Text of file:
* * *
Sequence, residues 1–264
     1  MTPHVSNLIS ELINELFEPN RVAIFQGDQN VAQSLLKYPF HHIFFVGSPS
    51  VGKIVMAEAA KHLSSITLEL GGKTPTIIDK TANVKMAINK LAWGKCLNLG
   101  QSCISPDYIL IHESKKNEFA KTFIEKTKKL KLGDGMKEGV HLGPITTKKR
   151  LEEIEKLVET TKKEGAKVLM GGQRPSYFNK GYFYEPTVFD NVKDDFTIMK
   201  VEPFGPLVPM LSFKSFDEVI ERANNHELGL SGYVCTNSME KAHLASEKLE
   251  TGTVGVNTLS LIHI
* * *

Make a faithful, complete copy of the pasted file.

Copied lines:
Sequence, residues 1–264
     1  MTPHVSNLIS ELINELFEPN RVAIFQGDQN VAQSLLKYPF HHIFFVGSPS
    51  VGKIVMAEAA KHLSSITLEL GGKTPTIIDK TANVKMAINK LAWGKCLNLG
   101  QSCISPDYIL IHESKKNEFA KTFIEKTKKL KLGDGMKEGV HLGPITTKKR
   151  LEEIEKLVET TKKEGAKVLM GGQRPSYFNK GYFYEPTVFD NVKDDFTIMK
   201  VEPFGPLVPM LSFKSFDEVI ERANNHELGL SGYVCTNSME KAHLASEKLE
   251  TGTVGVNTLS LIHI